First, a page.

ALBUM REVIEW: Buffalo Killers’ Dig. Sow. Love. Grow.
Buffalo Killers aren’t the only band today with little apparent interest in music made after 1975. But they are one of the best. On the Cincinnati, Ohio, group’s fourth album, their Crazy Horse/Big Star/Badfinger base is built upon with hazy-hippie sing-along melodies, a live vibe dripping with highway miles, and an understanding of classic songwriting and arrangement approaches that would make John Fogerty smile.
After establishing a riffy roadhouse tone with opener “Get It,” Buffalo Killers slip into the CSNY/Bread love fest “Hey Girl,” which drummer Joseph Sebaali tweaks with a tide-like breathiness and cymbal bell dings. Sebaali’s appealing, flowing style throughout is abetted by hissing riveted cymbals and a popping snare that he’s not shy to work hard on the edges. The songwriting quality keeps up throughout the album—“Farewell” recalls early Dead gems like “St. Stephen” and “Unbroken Chain” while “Graffiti Eggplant” reminds of the Allmans’ “Dreams” and “Whipping Post”—and Sebaali makes the most out of the changes, supporting the songs’ maps fully but not predictably. Finally, album closer “Moon Daisy” challenges Sebaali to keep the tension on a slow ballad, which he does with smooth doubles, a bouncing bass drum, and insistent hats.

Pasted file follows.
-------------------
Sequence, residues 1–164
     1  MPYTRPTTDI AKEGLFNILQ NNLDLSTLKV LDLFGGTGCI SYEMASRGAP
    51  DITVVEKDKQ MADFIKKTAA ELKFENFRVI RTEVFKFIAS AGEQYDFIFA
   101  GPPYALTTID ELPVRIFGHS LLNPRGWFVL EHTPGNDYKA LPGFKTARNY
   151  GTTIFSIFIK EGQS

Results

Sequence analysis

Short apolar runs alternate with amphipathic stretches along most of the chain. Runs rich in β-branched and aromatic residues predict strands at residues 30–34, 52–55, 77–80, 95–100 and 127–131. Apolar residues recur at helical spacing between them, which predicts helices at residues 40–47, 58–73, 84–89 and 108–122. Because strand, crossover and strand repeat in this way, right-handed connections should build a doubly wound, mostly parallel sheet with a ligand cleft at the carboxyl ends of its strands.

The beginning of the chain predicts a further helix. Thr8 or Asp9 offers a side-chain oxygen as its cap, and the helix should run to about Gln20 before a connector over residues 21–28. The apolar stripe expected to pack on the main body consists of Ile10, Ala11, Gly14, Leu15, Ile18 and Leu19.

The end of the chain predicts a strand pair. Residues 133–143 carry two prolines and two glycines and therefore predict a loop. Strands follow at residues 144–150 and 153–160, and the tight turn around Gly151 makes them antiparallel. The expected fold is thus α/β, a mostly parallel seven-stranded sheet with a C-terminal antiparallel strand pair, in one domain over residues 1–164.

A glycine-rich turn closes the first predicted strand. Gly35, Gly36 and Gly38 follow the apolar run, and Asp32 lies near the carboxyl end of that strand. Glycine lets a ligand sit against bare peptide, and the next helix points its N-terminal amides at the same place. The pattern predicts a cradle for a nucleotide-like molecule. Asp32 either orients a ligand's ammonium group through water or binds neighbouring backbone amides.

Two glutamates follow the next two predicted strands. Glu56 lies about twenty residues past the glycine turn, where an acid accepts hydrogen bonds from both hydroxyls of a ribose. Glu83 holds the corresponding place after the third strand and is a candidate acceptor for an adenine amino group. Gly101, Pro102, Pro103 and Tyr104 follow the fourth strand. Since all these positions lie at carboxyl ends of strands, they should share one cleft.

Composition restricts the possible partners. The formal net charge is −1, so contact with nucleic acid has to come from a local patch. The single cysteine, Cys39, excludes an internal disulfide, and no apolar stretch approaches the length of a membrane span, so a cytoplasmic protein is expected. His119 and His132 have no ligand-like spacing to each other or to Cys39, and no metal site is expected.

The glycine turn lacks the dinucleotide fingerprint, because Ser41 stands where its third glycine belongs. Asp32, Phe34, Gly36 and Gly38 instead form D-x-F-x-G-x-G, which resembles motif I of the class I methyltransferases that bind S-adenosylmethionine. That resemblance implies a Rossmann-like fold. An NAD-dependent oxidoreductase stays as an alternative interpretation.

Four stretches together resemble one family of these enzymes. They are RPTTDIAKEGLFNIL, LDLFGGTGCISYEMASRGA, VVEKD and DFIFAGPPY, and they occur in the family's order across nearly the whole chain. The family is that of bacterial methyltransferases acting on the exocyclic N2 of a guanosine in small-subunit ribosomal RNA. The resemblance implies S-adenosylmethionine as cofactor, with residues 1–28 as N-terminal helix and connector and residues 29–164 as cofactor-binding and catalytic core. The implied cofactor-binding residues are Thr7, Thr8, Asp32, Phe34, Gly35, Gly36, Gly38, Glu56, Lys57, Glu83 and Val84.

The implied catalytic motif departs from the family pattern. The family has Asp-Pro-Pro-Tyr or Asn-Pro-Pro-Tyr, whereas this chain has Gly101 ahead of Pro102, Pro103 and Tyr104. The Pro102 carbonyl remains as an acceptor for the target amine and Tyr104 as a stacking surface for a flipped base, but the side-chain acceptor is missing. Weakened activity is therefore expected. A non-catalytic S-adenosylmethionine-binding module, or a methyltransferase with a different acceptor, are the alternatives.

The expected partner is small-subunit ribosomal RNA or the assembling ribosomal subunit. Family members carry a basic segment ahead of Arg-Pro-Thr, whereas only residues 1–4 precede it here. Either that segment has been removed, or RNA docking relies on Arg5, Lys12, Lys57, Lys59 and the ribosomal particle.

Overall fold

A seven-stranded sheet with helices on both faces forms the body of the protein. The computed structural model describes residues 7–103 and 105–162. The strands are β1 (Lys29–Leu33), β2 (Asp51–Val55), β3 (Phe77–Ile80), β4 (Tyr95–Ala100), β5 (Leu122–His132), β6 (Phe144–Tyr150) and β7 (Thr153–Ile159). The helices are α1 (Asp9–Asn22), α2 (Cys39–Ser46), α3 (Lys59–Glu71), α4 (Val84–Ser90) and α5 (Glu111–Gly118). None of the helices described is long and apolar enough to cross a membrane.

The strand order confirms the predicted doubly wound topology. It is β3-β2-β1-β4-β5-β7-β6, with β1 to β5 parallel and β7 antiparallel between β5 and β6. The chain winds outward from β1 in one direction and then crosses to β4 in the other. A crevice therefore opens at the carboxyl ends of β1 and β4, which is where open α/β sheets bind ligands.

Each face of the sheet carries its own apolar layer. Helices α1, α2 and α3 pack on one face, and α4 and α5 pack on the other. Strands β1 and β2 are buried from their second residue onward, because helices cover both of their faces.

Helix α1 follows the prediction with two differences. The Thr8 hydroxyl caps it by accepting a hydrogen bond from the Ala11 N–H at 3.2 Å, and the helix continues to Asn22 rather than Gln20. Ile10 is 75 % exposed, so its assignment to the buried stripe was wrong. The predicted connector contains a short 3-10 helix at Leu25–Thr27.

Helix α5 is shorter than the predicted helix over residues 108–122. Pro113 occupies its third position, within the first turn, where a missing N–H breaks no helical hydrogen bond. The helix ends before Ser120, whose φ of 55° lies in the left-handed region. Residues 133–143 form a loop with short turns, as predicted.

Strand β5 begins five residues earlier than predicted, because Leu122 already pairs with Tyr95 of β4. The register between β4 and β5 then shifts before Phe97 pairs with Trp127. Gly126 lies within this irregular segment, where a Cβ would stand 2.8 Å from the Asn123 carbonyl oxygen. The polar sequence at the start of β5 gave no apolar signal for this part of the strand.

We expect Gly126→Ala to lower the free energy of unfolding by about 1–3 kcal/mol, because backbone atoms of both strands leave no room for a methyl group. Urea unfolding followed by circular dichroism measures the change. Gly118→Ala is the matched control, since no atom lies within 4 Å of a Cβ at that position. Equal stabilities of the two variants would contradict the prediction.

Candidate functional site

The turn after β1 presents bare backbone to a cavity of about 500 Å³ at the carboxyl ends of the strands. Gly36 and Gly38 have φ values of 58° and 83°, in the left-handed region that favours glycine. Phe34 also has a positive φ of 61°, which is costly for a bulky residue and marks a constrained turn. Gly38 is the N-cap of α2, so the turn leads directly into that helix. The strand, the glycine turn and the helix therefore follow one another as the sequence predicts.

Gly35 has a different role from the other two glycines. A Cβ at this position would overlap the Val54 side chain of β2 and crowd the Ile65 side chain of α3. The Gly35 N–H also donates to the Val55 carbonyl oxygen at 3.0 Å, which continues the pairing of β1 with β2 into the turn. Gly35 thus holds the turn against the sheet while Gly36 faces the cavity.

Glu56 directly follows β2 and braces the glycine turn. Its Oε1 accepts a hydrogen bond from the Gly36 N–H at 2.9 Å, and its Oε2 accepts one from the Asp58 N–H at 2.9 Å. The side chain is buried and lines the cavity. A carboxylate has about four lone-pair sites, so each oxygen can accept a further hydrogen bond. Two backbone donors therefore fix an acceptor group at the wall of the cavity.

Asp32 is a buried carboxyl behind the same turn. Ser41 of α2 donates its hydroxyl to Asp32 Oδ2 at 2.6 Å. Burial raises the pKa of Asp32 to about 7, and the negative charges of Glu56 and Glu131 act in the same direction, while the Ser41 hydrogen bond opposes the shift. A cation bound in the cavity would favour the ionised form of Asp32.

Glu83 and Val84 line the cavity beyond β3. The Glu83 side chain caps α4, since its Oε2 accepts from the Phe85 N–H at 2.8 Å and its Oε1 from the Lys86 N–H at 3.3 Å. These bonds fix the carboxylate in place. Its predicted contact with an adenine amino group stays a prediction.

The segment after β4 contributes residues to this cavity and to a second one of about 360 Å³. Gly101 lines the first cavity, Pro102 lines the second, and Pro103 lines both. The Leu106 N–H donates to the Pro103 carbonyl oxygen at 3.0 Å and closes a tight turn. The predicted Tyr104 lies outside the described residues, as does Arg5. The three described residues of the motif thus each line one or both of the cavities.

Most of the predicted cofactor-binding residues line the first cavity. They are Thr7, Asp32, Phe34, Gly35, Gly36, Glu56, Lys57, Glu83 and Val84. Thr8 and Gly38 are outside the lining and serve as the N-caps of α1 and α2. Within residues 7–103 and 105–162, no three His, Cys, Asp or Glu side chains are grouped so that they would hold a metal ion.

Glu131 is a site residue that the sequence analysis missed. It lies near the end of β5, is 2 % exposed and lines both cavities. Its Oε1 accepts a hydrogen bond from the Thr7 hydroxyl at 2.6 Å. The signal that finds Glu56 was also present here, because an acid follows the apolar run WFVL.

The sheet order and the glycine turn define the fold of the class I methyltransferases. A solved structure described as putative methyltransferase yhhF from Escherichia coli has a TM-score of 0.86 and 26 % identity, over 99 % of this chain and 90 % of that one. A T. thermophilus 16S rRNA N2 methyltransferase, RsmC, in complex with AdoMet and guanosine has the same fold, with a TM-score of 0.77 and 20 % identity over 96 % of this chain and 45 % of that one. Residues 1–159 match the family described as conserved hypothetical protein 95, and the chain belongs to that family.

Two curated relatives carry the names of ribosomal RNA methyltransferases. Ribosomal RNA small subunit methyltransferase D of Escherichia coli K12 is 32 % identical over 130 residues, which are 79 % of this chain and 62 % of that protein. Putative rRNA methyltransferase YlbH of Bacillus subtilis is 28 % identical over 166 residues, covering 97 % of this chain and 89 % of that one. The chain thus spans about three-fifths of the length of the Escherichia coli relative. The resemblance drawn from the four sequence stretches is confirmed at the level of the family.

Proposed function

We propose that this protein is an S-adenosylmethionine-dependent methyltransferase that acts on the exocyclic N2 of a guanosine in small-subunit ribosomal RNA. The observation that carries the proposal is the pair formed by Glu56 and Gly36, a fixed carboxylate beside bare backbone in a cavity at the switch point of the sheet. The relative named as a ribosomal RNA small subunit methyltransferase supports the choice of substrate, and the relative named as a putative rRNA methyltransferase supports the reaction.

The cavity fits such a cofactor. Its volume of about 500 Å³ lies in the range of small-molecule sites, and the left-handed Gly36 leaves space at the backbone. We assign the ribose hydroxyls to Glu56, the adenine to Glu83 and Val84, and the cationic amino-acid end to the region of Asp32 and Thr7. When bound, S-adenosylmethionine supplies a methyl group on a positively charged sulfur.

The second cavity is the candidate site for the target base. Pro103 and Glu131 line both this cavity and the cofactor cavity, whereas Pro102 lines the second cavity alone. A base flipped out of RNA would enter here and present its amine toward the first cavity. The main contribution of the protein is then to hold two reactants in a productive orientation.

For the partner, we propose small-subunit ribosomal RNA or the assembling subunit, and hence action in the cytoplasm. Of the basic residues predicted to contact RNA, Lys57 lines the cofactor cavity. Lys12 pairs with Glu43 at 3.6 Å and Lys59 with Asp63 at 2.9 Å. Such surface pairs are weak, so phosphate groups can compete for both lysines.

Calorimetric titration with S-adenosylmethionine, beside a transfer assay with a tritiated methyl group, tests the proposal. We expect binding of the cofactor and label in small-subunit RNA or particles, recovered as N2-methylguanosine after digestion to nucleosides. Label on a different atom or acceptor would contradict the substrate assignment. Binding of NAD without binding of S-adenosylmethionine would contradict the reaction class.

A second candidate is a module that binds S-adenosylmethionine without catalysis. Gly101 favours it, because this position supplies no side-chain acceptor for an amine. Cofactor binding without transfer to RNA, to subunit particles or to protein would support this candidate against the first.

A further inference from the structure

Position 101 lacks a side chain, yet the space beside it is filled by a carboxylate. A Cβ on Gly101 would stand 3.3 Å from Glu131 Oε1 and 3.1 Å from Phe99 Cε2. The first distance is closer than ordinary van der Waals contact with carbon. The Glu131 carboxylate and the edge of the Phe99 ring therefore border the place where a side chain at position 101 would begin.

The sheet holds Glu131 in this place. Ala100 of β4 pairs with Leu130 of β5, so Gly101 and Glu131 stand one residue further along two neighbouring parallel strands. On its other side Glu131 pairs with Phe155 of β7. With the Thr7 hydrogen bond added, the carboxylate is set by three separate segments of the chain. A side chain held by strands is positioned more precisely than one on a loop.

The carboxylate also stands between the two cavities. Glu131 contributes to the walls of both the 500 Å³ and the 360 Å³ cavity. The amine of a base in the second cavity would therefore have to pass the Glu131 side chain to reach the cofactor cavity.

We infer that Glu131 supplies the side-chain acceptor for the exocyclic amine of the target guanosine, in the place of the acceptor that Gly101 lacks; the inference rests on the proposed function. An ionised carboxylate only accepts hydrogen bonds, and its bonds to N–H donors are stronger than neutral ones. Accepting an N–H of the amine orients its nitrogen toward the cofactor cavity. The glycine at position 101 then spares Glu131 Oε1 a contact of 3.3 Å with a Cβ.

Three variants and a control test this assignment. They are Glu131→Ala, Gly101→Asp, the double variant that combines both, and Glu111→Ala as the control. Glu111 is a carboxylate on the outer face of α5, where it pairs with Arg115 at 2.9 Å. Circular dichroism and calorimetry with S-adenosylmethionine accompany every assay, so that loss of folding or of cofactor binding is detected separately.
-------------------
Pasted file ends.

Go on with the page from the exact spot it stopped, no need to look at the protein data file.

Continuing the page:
Eight albums into their career—Sebaali, guitarist/singer Andrew Gabbard, and bassist/singer Zachary Gabbard appeared on four LPs together with their previous band, Thee Shams—this tight unit is poised to grab wide-scale attention at any time. Hopefully that happens, and the quality continues. – Adam Budofsky